Category Archives: St. Raphael of Brooklyn

St. Raphael of Brooklyn: I, therefore, felt bound by all the circumstances to make a thorough study of the Anglican Church’s faith and orders as well as of her discipline and ritual. . . .

Icon of St. Raphael of BrooklynI, therefore, felt bound by all the circumstances to make a thorough study of the Anglican Church’s faith and orders as well as of her discipline and ritual. After serious consideration I realized that it was my honest duty, as a member of the College of Bishops of the Holy Orthodox Greek Apostolic Church, and Head of the Syrian Mission in North America, to resign from the vice-presidency of and membership in the Anglican and Eastern Orthodox Churches Union. At the same time, I set forth, in my letter of resignation, my reason for so doing.

I am convinced that the doctrinal teaching and practices as well as the discipline of the whole Anglican Church are unacceptable to the Holy Orthodox Church. I make this apology for the Anglicans whom as Christian gentlemen I greatly revere, that the loose teachings of a great many of the prominent Anglican theologians are so hazy in their definition of truths, and so inclined toward pet heresies that it is hard to tell what they believe. The Anglican Church as a whole has not spoken authoritatively on her doctrine. Her Catholic minded members can call out her doctrines from many views, but so nebulistic is her pathway in the doctrinal world that those who would extend a hand of both Christian and ecclesiastical fellowship dare not, without distrust, grasp the hand of her theologians, for while many are orthodox on some points, they are quite heterodox on others. I speak, of course, from the Holy Orthodox Eastern Catholic point of view. The Holy Orthodox Church has never perceptibly changed from Apostolic times, and, therefore, no one can go astray in finding out what she teaches. Like her Lord and Master, though at times surrounded with human malaria — which He in mercy pardons — she is “the same yesterday, and today, and forever” (Hebrews 8:8) … the mother and safe deposit of “the truth as it is in Jesus” (Eph.4:21).

The Orthodox Church differs absolutely with the Anglican Communion in reference to the number of Sacraments and in reference to the doctrinal explanation of the same.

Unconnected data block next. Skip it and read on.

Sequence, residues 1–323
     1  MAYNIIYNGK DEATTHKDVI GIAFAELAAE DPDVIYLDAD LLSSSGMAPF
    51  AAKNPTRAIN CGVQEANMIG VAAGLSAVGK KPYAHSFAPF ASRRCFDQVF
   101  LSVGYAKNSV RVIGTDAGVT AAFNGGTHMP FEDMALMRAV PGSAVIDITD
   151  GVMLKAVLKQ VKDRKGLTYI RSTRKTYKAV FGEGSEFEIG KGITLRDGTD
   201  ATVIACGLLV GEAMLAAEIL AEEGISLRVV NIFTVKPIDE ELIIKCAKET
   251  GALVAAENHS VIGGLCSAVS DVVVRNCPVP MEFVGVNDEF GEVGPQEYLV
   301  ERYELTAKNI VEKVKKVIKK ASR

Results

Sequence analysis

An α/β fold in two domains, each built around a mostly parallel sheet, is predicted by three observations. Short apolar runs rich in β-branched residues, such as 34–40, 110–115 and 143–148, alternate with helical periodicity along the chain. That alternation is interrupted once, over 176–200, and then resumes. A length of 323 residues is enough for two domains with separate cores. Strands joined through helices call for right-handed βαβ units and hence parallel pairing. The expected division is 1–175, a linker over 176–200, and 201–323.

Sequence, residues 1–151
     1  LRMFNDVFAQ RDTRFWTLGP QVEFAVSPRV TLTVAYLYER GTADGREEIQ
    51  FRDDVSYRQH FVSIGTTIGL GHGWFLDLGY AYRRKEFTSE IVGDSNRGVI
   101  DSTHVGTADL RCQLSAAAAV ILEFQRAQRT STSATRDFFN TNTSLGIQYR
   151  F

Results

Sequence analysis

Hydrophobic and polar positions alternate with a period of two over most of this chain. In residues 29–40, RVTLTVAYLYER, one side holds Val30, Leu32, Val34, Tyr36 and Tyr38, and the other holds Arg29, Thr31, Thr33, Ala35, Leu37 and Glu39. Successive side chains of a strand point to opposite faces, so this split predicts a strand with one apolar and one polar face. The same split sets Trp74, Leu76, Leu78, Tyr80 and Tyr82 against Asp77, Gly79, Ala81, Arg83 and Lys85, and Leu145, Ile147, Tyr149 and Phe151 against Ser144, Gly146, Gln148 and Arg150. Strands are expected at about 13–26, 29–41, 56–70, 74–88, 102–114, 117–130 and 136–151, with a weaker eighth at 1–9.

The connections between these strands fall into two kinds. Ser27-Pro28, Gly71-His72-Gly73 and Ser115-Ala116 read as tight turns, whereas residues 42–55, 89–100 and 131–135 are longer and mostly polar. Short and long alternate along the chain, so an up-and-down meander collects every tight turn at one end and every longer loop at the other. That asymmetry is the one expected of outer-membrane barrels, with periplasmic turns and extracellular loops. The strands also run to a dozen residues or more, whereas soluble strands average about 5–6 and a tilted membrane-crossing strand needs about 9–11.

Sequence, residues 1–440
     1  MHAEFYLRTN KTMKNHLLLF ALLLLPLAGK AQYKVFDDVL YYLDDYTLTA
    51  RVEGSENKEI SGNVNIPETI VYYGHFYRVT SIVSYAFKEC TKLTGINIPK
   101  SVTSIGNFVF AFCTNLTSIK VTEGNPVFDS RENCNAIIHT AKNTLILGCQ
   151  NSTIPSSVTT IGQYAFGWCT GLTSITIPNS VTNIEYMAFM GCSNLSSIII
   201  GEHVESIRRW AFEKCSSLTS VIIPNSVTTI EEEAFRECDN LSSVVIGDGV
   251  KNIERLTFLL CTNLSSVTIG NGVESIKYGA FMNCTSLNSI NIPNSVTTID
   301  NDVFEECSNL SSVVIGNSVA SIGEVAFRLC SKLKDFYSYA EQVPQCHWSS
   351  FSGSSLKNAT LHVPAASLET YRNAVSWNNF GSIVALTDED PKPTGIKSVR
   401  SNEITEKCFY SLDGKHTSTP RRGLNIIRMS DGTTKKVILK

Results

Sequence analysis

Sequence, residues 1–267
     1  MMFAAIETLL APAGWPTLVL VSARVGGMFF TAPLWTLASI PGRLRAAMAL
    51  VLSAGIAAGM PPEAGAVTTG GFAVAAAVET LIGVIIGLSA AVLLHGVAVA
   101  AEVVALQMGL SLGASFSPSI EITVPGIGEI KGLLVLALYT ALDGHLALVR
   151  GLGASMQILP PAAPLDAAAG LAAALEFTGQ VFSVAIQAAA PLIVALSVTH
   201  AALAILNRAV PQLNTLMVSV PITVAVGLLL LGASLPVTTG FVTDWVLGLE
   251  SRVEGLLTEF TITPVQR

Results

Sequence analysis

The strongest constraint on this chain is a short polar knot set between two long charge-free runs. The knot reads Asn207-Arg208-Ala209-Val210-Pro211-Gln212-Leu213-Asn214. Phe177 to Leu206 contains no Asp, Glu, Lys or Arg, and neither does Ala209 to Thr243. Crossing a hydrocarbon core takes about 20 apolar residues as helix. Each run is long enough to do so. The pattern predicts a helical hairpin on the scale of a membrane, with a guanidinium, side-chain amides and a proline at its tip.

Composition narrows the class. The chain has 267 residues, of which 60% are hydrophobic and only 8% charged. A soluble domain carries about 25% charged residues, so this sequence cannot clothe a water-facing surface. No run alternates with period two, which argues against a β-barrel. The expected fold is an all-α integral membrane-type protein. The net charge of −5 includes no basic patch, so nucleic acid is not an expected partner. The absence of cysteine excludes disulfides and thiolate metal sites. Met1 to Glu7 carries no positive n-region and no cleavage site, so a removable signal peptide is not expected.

+ St. Raphael of Brooklyn
Letter to Clergy and Laity of the Syrian Greek-Orthodox Catholic Church in North America addressing the Orthodox relationship with the Episcopal Church

Issued late in the year 1912; from The Most Useful KNOWLEDGE for the Orthodox Russian-American Young People, compiled by the Very Rev’d Peter G. Kohanik, 1932-1934 (pp. 297-303).

Read Entire Letter Here

St. Raphael of Brooklyn: Instructions to Orthodox Christians with No Orthodox Clergy Nearby

Icon of St. Raphael of BrooklynAs to members of the Holy Orthodox Church living in districts beyond the reach of Orthodox Catholic clergy, I direct that the ancient custom of our Holy Church be observed, namely, in cases of extreme necessity, that is, danger of death, children may be baptized by some pious Orthodox layman, or even by the parent of the child, by immersion three times in the names of the (persons of the) Blessed Trinity, and in case of death such baptism is valid: — but, if the child should live, it must be brought to an Orthodox priest for the Sacrament of Chrismation.

In the case of the death of an Orthodox person where no priest of the Holy Orthodox Church can be had, a pious layman may read over the corpse, for the comfort of the relatives and the instruction of the persons present, Psalm 91 and Psalm 118, and add thereto the Trisagion (“Holy God, Holy Strong One,” etc). But be it noted that so soon as possible the relative must notify some Orthodox bishop or priest and request him to say the Liturgy and Requiem for the repose of the soul of the departed in his Cathedral or parish Church.

As to Holy Matrimony, if there be any parties united in wedlock outside the pale of the holy Orthodox Church because of the remoteness of Orthodox centers from their home, I direct that as soon as possible they either invite an Orthodox priest or go to where he resides and receive from his hands the holy Sacrament of Matrimony; otherwise they will be considered excommunicated until they submit unto the Orthodox Church’s rule.

I further direct that Orthodox Christians should not make it a practice to attend the services of other religious bodies, so that there be no confusion as to the teaching or doctrines. Instead, I order that the head of each household, or a member, may read the special prayers which can be found in the hours of the Holy Orthodox Service Book, and such other devotional books as have been set forth by the authority of the Holy Orthodox Church.

+ St. Raphael of Brooklyn
Letter to Clergy and Laity of the Syrian Greek-Orthodox Catholic Church in North America addressing the Orthodox relationship with the Episcopal Church

Issued late in the year 1912; from The Most Useful KNOWLEDGE for the Orthodox Russian-American Young People, compiled by the Very Rev’d Peter G. Kohanik, 1932-1934 (pp. 297-303).

Read Entire Letter Here